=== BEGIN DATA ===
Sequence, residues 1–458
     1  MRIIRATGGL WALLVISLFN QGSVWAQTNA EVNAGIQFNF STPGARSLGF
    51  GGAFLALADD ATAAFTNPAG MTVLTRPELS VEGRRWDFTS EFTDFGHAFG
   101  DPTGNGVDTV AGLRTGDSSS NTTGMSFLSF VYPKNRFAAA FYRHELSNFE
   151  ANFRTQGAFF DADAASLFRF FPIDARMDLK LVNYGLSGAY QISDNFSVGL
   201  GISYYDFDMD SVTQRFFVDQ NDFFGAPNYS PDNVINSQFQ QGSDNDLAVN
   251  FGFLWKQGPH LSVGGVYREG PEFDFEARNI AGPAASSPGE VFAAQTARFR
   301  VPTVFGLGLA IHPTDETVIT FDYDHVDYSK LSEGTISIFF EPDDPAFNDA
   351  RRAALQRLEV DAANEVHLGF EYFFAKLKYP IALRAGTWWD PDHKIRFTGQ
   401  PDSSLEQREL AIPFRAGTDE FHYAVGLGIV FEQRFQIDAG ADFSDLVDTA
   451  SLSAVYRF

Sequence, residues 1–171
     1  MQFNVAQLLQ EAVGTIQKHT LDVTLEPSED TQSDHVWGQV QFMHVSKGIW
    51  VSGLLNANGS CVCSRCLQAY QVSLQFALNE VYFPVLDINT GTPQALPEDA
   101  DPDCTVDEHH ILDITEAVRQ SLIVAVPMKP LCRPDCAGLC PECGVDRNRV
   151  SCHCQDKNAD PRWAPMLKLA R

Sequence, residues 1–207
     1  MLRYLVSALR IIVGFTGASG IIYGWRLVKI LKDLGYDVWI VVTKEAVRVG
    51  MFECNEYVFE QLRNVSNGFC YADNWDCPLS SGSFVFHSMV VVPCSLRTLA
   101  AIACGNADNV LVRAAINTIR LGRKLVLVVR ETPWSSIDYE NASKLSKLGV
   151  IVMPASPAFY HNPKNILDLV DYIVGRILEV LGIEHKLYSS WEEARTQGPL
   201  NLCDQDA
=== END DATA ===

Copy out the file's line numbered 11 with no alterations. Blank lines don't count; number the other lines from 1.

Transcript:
   451  SLSAVYRF